I feel real bad for the people in Florida. I hope that they don't do the same thing as the people did in New Orleans during Katrina. I thought that was sad and dumb! Because they didn't leave before the hurricane.

posted on Thu, 10/20/2005 - 5:44pm
Liza's picture
Liza says:

Wondering why forecasters are having so much trouble predicting Wilma's path and intensity at landfall? I was, too. Turns out that while scientists' ability to detect and track severe storms has been dramatically enhanced in recent years by the use of weather satellites orbiting the Earth, the models the put the data from these tools into aren't perfect.

Data from satellites, aircraft flights, ships, buoys, water temperatures, winds at different levels, and other sources is entered into hurricane models that help forecasters make predictions. A small change in the data put into a model can make a huge difference in the prediction.

When the models agree, it's easy for meteorologists to figure out the path and speed of a hurricane and to advise people what to do. But when the models disagree, it's tougher. In that case, forecasters often use a consensus to determine the path and speed of the storm.

And hurricanes can be unpredictable, despite the best data and models. Last year's Hurricane Charley, for example, grew quickly from a Category 2 to a Category 4 storm and changed course, coming ashore 70 miles south of the anticipated bulls-eye.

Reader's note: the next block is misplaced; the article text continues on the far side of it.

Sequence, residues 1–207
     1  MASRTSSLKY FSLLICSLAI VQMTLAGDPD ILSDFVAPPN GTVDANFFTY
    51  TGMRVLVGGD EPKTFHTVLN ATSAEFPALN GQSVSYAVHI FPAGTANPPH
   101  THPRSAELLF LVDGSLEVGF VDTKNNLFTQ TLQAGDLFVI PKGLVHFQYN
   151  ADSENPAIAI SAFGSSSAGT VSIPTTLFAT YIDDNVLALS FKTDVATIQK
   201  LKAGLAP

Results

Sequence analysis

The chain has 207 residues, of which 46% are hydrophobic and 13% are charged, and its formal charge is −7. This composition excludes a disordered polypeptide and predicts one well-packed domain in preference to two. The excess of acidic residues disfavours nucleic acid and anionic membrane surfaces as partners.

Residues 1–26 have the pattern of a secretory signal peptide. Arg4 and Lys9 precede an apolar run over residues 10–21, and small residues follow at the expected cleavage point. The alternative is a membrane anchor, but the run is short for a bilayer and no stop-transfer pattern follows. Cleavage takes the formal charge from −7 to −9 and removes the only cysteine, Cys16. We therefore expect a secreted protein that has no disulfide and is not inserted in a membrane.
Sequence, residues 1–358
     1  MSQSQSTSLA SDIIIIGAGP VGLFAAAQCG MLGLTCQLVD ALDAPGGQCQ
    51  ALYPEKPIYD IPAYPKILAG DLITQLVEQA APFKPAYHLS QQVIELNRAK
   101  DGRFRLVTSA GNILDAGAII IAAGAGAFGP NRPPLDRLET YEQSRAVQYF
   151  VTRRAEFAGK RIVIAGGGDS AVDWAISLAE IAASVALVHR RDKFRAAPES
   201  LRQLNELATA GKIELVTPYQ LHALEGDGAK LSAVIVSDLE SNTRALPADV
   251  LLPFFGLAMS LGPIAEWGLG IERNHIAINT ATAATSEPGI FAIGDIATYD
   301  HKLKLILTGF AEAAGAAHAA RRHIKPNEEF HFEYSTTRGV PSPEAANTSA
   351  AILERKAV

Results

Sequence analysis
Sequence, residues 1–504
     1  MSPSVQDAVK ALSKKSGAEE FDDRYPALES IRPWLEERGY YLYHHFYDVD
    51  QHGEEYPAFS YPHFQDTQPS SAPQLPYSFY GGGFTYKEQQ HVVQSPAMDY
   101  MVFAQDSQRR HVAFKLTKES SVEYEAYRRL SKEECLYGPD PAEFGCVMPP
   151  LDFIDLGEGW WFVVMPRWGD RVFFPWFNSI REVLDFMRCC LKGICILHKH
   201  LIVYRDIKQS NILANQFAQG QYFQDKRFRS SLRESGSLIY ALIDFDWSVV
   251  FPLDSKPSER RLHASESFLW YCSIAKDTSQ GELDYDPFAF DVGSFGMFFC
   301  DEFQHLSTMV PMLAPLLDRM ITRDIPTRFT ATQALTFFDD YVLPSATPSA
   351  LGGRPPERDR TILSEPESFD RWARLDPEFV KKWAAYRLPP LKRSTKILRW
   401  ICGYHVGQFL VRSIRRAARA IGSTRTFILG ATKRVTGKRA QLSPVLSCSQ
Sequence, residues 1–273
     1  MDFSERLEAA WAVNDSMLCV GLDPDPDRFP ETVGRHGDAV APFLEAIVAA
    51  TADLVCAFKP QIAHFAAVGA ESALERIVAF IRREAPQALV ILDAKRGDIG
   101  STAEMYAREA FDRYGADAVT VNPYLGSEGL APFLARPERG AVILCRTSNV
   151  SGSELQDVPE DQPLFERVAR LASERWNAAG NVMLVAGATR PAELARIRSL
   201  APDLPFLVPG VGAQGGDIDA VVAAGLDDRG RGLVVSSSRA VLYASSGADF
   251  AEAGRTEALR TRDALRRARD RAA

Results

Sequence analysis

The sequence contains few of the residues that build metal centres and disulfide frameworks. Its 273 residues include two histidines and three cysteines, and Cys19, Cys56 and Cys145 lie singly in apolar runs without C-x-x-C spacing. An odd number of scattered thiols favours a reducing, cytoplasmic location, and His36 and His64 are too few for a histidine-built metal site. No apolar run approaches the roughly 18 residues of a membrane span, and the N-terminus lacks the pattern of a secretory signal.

posted on Fri, 10/21/2005 - 1:55pm
Liza's picture
Liza says:

Hurricane Wilma officially made landfall today around 4 pm, Minnesota time, on the island of Cozumel. It remains a Category 4 storm.

Forecasters think that Wilma will hang out over the Yucatan peninsula for the next 24 hours, before swinging back out into the Gulf of Mexico and heading for Florida. That's bad news for Mexico, but it means a slower and weaker storm (probably) for Floridians.

posted on Fri, 10/21/2005 - 4:18pm
Liza's picture
Liza says:

While folks in Southwestern Florida prepare for Hurricane Wilma, people on Mexico's Yucantan Peninsula are just starting to clean up. Wilma, which came ashore near the tourist beaches of Playa del Carmen, Cancun, and Cozumel, lingered over the Yucatan Peninsula for longer than forecasters predicted, pounding the heavily developed with heavy rains and ferocious winds. The storm should reach Florida by daybreak tomorrow and is expected to be a Category 2 hurricane at that time.

And guess what? Tropical Storm Alpha is brewing in the Caribbean, menacing Haiti and the Dominican Republic. Alpha breaks the Atlantic hurricane activity record set in 1933 and marks the first time that storm trackers have run out of names and resorted to the Greek alphabet to designate tropical storms and hurricanes. (And hurricane season isn't over yet; it doesn't end until November 30th.)

Alpha is not expected to impact the United States.

posted on Sun, 10/23/2005 - 5:40pm
bryan kennedy's picture

Hurricane Wilma and other great storms are forcing climate scientists to think that they might need to change the Saffir-Simpson scale that is used to categorize these storms.

posted on Sun, 10/23/2005 - 7:01pm